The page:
Over 4,000 homes already helped; but many more filters are needed
Just as the unions here in St. Louis and Southern Illinois jump in to help individuals, charities and other groups when there is a need or a crisis, union plumbers are doing the same thing in Flint, MI, helping citizens cope with a water crisis where extremely dangerous levels of lead are in the drinking water.
Some 500 members of Flint Michigan Plumbers & Pipefitters Local 370 immediately volunteered when the crisis hit. As of March 1, they had already visited over 4,000 homes, donating over 9,000 hours of volunteer time at no cost to help homeowners install filters, faucets (old ones did not fit the filters), replace lead pipes, etc.
YOUR HELP IS NEEDED
But as the need is so overwhelming, the union has put out a call for financial help to purchase filters and water. Donations can be made to the UA Charitable Fund Trust, Three Park Place, Annapolis, MD 21401.
This need continues to grow despite the initial product donations from Plumbing Manufacturers International, which represents major companies like Moen, Brasscraft, Speakman, Delta and American Standard. Hodges Supply of Flint also kicked in items.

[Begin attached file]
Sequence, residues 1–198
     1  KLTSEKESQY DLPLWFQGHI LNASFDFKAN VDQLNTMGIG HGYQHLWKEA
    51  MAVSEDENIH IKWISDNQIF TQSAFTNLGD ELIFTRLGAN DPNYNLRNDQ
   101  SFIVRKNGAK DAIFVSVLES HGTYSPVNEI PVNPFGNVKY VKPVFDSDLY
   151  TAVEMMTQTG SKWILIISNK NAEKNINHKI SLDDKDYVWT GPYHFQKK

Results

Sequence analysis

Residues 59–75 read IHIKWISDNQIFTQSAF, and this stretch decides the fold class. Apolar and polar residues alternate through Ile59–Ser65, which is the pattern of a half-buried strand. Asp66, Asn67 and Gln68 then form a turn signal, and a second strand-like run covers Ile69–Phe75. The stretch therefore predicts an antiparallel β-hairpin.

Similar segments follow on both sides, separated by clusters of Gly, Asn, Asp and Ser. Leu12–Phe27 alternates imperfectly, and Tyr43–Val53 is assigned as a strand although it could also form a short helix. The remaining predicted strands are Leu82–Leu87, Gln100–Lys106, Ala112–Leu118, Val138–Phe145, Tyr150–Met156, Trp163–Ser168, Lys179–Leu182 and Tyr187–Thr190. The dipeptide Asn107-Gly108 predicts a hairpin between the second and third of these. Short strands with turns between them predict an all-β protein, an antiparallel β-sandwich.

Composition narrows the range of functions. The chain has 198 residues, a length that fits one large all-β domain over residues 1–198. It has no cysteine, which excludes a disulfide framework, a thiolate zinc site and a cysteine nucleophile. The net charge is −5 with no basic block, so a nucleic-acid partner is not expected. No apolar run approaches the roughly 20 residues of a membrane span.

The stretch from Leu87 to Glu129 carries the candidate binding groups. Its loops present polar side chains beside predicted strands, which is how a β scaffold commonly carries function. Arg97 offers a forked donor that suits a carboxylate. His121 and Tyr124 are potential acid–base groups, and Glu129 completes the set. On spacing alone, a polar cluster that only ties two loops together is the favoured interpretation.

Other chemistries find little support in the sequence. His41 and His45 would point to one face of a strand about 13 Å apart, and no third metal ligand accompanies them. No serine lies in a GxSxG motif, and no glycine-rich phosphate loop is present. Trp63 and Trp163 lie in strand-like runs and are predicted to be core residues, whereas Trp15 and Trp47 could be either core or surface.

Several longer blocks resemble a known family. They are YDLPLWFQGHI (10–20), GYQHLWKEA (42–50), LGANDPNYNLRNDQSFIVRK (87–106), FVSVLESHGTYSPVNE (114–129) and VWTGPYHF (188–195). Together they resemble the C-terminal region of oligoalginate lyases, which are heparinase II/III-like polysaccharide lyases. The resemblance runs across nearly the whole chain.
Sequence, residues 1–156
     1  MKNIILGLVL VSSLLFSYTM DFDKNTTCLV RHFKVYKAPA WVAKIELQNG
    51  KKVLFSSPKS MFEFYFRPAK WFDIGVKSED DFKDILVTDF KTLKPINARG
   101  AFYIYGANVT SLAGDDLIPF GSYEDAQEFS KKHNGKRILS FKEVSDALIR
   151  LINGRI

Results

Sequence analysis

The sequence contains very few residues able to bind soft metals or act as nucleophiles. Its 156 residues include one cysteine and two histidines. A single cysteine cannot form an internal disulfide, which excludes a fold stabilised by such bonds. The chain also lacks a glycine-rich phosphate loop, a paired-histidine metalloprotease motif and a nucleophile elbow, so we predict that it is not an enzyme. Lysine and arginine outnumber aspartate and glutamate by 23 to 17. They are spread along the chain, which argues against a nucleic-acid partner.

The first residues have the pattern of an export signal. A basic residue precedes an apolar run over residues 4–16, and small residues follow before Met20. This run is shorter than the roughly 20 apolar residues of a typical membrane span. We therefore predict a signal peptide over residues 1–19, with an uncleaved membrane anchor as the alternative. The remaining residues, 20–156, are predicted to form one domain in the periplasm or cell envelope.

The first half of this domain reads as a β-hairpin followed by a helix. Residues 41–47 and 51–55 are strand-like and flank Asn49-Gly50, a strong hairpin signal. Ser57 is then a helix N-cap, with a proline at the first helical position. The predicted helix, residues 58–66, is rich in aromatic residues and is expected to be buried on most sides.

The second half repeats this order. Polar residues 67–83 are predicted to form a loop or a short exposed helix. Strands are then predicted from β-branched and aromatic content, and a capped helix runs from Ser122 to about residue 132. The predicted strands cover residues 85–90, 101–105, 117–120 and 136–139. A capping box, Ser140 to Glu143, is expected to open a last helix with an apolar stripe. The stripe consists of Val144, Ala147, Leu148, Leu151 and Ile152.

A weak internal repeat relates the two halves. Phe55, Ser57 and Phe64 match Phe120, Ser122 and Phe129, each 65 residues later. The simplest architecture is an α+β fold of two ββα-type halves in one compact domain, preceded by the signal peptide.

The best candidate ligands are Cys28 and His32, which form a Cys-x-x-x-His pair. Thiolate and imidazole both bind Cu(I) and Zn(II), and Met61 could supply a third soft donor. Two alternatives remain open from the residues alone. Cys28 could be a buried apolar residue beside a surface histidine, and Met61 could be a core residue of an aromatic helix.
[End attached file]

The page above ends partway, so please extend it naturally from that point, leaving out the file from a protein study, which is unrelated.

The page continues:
$20,000 IMMEDIATELY FOR WATER
When the crisis first hit, Local 370 put up $20,000 to buy bottled water from the Kroger Company. When Kroger realized what it was for, they matched the union’s contribution. In late January, some $40,000 worth of water – 25,104 cases -- was quickly distributed.
"UA Local 370 wanted to get involved and help in a meaningful way by getting clean, safe water to Flint residents as quickly as we could," said Local 370 Business Manager Harold Harrington. "We expected Kroger to be a willing source but are thankful for the grocer's offer to match our donation. It is a testimony to a good working relationship."
The efforts of Local 370 have been supplemented by union plumbers around the state coming into Flint. More than 300 union plumbers from Lansing, Detroit, Saginaw and other cities have been volunteering in Flint to help Local 370 try and meet the overwhelming need.
The Flint water contamination crisis started in April 2014 after the government mandated a change in the city’s water source from treated Detroit Water and Sewerage Department water (which was sourced from Lake Huron as well as the Detroit River) to the Flint River (to which officials had failed to apply corrosion). Since then its drinking water has had a series of problems that culminated with lead contamination, creating a serious public health danger.
The corrosive Flint River water caused lead from aging pipes to leach into the water supply, causing extremely elevated levels of the heavy metal. In Flint, between 6,000 and 12,000 children have been exposed to drinking water with high levels of lead and they may experience a range of serious health problems.